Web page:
I like Dark Mofo. It’s good. Fun. You should go. You’ve probably seen pictures. See any from Welcome Stranger? Would have been hard to tell what was going on.
The late-night party replacement of previous years’ Blacklist and Dark Faux Mo, Welcome Stranger tied together three separate venues in the CBD, stuffing them with bands, films, installations, drinks, food and weird shit over three nights. Someone told me they didn’t think it was that special. They must know of other venues with giant slot-car racing tracks, ad hoc-karaoke booths and Pussy Riot playing casual DJ sets; be familiar with seven-piece Thai bands wearing orange smocks and ripping through psychedelic wedding-band sets; rooms of pillowy beds and palm fronds wrapped in fairy-lights, which when viewed through special glasses turned each light into a glimmering love heart; “bass baths” of big black speakers blasting intense sub-frequencies through prone punters. Of Masonic temples hosting inflatable worms under projected galaxies in shadowy ceremonial rooms. Of a Royal Tennis club repurposed into a UV-lit performance space, clubhouse party and ice-cream-truck disco. Tell me of these places. At once.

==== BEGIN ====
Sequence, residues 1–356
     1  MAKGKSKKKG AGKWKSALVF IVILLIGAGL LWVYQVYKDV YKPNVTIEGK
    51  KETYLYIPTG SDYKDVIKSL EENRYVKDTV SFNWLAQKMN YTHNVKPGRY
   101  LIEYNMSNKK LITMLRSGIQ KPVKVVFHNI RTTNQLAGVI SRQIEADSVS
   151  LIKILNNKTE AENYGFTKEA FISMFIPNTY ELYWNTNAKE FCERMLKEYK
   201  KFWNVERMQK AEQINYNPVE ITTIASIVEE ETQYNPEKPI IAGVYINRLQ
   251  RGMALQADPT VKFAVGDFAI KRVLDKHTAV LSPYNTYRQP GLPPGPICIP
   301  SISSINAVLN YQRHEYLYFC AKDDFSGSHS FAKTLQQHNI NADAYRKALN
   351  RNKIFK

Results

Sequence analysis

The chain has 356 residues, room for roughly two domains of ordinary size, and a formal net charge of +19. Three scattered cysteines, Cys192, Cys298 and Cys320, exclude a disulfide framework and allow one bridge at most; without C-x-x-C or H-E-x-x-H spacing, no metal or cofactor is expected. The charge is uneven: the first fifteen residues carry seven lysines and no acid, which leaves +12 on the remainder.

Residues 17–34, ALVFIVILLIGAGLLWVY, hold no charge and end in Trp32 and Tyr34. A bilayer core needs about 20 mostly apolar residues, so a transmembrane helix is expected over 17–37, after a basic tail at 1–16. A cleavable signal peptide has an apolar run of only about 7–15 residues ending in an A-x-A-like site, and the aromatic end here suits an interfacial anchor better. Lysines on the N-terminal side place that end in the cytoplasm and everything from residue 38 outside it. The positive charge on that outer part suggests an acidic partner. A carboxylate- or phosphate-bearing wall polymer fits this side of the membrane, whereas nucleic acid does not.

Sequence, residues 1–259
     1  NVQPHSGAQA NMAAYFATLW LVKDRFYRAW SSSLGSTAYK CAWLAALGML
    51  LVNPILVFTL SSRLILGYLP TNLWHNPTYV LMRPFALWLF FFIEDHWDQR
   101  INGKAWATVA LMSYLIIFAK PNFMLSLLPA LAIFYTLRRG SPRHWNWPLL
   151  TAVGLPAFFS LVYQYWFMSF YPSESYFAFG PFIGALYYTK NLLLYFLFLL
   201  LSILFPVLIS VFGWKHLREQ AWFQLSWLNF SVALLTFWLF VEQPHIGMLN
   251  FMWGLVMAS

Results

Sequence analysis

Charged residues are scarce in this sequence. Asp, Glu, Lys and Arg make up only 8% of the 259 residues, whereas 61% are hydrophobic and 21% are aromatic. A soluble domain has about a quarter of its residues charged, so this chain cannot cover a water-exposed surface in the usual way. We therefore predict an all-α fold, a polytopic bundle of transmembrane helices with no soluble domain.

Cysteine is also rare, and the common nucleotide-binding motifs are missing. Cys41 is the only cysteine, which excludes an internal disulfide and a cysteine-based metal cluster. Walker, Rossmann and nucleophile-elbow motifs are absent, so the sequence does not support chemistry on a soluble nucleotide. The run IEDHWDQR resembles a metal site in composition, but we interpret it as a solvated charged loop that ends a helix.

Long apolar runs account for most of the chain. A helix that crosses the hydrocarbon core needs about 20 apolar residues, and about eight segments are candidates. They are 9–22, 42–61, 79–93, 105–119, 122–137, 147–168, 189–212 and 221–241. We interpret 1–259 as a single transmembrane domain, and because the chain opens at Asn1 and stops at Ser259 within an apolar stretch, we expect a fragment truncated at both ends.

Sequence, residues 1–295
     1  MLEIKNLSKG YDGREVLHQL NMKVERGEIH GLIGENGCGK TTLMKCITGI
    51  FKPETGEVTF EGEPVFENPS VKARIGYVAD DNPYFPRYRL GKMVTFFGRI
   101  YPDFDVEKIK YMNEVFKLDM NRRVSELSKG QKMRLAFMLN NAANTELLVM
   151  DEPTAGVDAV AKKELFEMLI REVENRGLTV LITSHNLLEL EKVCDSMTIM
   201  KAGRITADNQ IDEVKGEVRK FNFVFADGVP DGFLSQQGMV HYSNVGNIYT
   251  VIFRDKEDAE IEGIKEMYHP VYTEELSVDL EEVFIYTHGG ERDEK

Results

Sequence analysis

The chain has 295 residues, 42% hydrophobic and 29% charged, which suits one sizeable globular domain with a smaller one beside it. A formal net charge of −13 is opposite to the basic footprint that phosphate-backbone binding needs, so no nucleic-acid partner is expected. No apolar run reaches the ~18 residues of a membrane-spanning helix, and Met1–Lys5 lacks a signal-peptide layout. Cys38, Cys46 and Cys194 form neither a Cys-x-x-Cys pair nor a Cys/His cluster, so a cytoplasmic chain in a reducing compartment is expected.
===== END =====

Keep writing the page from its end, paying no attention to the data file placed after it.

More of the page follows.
Welcome Stranger was this and more, a dense funhouse where no two people have the same experience. If you paired it with Red Bull Music Academy’s Transliminal (included in the ticket to Welcome Stranger), the throbbing dance club cloaked in giant black curtains and lasers down at City Hall, you could find yourself unfastening with the intoxicating rush of free will. This kind of personal discovery has always been key to Dark Mofo’s Blacklist and Dark Faux Mo parties. But with last year’s Blacklist struggling to balance both dance floor and experiential offerings, this year’s reboot was welcome. Static states are anathema to Dark Mofo.